Japan's SoftBank Group said Monday it is selling British chip designer Arm to US firm NVIDIA for up to $40 billion, potentially creating a new giant in the industry but sparking an investigation by UK regulators and fears about the impact on jobs.
If approved, the deal will be one of the largest acquisitions anywhere in the world this year and propel NVIDIA to the forefront of the semiconductor sector.
The announcement also renewed speculation about SoftBank Group's future, with Bloomberg News reporting it is set to revive talks about going private via a management buyout plan.
The Arm sale is valued at up to $40 billion and is subject to approval by authorities in several jurisdictions, including Britain, China, the United States and the European Union, SoftBank Group said in a statement.
It hopes the deal will be completed by around March 2022, it added.
British Prime Minister Boris Johnson's spokesman confirmed UK regulators were looking into the deal, and its implications for Arm's headquarters in the university city of Cambridge, eastern England.
The company's co-founder, Hermann Hauser, meanwhile wrote to Johnson voicing fears about jobs and Britain becoming "collateral damage" in the US trade war with China.
"Arm powers the smartphones of Apple, Samsung, Sony, Huawei and practically every other brand in the world and therefore can exert influence on all of them," he said.
"Surrendering UK's most powerful trade weapon to the US is making Britain a US vassal state."
SoftBank Group shares soared in early morning trade in Tokyo, rising by almost 10 percent at one point. They ended the day up 8.95 percent to 6,385 yen.
Founded in 1990, Arm specialises in microprocessors and dominates the global smartphone market. But its chips are also found in countless sensors, smart devices and cloud services.
NVIDIA, well known for graphics cards favoured in the video game industry, has seen sales skyrocket during the coronavirus crisis, with gaming a popular pastime in lockdown.
Its products are also increasingly used for artificial intelligence and in data centres.
SoftBank bought Arm in 2016 for $32 billion in a deal that left investors cold and saw the conglomerate's stock plunge sharply.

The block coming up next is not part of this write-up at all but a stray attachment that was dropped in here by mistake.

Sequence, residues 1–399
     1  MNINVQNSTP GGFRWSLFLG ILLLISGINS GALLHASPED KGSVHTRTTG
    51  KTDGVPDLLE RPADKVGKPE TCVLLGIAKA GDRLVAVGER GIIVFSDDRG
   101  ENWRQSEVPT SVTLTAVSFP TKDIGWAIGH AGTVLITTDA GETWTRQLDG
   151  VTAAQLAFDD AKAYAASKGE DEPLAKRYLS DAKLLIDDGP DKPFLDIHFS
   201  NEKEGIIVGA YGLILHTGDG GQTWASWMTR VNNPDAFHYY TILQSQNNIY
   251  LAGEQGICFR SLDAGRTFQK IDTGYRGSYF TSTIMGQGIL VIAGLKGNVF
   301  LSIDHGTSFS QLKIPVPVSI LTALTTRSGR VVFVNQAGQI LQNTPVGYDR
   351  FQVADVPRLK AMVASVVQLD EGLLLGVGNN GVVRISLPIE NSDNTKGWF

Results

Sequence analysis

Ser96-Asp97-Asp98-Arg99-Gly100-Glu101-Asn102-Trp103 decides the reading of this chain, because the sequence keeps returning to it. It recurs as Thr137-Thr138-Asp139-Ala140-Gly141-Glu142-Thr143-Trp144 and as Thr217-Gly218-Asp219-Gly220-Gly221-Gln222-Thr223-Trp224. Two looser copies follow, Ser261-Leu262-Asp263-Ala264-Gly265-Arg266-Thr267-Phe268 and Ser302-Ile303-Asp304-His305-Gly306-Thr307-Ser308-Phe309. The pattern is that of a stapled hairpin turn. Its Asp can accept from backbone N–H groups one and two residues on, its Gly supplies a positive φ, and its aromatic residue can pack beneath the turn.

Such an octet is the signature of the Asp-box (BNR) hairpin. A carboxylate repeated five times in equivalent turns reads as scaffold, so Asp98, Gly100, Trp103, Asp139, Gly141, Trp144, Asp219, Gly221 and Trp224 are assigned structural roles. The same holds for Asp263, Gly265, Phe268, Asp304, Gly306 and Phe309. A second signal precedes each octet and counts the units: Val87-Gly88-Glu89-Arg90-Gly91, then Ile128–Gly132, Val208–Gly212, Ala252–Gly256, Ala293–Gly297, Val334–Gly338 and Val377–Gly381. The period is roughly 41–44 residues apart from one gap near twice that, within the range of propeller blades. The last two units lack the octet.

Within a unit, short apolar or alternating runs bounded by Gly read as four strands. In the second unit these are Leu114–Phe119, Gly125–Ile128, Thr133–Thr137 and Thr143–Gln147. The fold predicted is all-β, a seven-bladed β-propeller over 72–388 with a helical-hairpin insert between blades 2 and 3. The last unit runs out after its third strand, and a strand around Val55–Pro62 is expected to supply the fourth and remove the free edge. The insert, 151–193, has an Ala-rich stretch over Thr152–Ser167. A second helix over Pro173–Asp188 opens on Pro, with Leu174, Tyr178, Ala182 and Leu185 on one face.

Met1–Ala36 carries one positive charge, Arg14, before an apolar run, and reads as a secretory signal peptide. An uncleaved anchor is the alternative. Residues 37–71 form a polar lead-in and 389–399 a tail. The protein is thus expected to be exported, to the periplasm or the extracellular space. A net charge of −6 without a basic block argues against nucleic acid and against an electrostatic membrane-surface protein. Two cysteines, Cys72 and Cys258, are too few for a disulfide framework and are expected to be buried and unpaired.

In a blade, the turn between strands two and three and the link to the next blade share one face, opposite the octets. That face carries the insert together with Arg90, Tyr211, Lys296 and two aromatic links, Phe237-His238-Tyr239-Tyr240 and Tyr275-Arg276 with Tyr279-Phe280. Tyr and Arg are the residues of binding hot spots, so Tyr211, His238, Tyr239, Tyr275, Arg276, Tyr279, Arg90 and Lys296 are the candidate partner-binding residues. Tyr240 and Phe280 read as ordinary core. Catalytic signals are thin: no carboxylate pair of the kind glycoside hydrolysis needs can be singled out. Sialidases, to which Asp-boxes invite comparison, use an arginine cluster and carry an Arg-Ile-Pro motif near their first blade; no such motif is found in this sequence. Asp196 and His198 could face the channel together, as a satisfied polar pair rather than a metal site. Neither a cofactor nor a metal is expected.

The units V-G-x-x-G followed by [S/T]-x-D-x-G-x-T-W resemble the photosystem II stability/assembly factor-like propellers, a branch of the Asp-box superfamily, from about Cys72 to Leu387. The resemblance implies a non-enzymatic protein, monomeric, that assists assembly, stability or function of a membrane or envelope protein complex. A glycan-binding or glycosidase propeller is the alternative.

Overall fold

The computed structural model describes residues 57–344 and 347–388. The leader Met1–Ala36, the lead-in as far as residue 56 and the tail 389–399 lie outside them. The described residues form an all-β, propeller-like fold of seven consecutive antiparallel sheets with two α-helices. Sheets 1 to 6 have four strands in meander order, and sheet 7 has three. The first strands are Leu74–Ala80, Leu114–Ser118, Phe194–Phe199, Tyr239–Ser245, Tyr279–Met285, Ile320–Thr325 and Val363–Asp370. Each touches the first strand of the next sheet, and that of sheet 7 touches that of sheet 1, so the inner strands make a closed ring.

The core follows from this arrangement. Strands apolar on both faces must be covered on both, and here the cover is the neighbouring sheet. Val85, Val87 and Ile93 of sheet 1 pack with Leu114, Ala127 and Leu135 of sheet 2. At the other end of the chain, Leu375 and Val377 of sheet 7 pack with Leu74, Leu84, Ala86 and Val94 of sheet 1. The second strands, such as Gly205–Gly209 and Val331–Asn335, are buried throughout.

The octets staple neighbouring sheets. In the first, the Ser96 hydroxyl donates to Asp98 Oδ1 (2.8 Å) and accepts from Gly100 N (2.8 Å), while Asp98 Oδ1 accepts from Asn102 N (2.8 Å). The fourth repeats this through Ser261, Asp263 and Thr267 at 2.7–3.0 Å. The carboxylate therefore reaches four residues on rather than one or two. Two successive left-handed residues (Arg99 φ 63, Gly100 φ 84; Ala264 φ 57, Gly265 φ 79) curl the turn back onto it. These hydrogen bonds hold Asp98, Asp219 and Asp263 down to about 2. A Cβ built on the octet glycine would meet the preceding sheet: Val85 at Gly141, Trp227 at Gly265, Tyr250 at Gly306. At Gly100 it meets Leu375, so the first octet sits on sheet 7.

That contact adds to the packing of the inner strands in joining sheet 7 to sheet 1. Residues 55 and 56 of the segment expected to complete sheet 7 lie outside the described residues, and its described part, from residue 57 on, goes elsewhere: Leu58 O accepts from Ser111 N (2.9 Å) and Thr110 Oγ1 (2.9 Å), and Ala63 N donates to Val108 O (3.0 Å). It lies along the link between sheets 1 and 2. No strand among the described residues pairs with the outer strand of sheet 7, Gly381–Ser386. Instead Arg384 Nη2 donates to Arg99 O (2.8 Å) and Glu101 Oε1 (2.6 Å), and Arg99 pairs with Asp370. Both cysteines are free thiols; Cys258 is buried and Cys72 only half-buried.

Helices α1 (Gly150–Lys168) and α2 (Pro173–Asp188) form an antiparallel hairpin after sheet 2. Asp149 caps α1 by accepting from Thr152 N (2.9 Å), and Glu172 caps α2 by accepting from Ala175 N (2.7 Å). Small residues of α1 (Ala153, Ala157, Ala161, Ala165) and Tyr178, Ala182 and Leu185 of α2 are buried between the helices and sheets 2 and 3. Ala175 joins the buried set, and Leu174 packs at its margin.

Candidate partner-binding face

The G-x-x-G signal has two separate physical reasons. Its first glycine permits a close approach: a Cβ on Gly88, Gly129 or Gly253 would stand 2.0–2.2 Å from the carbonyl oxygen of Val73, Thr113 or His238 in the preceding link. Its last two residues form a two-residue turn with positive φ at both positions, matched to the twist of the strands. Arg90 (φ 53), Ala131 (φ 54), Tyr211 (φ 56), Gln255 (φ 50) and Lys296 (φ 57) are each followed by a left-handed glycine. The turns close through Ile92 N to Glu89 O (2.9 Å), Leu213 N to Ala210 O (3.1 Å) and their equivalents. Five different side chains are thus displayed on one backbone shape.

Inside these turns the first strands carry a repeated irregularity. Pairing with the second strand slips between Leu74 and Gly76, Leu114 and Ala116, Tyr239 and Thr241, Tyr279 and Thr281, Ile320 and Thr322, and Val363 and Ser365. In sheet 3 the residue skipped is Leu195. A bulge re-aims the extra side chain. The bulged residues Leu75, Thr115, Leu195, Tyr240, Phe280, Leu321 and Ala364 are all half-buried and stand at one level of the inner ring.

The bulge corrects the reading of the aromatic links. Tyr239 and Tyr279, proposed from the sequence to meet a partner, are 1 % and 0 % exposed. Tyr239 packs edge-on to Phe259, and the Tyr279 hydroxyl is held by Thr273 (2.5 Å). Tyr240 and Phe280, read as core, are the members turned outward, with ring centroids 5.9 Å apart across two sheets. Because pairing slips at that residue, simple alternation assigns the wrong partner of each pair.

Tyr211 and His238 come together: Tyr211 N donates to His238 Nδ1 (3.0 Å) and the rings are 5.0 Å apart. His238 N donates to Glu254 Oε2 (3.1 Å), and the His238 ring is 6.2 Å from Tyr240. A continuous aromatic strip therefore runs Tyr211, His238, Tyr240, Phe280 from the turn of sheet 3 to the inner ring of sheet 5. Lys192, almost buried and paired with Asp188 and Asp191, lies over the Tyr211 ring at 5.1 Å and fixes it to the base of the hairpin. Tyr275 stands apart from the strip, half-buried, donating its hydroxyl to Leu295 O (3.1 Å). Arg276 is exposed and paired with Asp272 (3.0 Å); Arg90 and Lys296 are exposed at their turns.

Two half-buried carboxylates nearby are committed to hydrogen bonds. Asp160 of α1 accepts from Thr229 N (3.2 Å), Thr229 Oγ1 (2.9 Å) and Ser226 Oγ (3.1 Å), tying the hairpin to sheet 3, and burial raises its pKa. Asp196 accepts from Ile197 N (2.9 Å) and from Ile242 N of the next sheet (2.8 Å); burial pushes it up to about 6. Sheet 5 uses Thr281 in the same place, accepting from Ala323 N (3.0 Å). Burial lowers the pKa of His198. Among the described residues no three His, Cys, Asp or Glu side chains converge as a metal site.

Analysts at the time said SoftBank had paid too much for the firm and the purchase revived concerns about the Japanese company's balance sheet.
Amir Anvarzadeh, senior market strategist at Asymmetric Advisors in Singapore, said Arm had been "underperforming", making the sale more attractive for SoftBank.
But he said the acquisition was "going to raise some eyebrows" in the semiconductor industry, because so many of NVIDIA's competitors work with Arm's designs.
"They will need some guarantees... otherwise Arm may lose business or face lawsuits," he said.
NVIDIA said in a statement that under the deal it will pay SoftBank $21.5 billion in common stock and $12 billion in cash, $2 billion of which will be payable at signing.
SoftBank may receive up to another $5 billion in cash or stock, dependent on Arm's performance.
And NVIDIA will also issue $1.5 billion in equity to Arm employees, for a deal worth a total of up to $40 billion.
SoftBank said it felt Arm would perform better in combination with NVIDIA and the sale would "contribute to an increase in our company's value for shareholders".
It said the deal would give it a combined total of 6.7-8.1 percent of NVIDIA's outstanding shares, but insisted that would not make the US firm a subsidiary or affiliate.
NVIDIA said the acquisition would help "create the premier computing company for the age of artificial intelligence".
It said Arm would retain its name and remain in Cambridge in the UK, where a new global centre for excellence in AI will be set up.
The sale, which comes as SoftBank engages in a massive push to boost its cash reserves, renewed speculation about the firm's future plans.
Bloomberg News, citing unnamed people familiar with the matter, said senior SoftBank executives planned to revisit a management buyout, which had previously met with internal opposition, but discussions were an early stage.
© 2020 AFP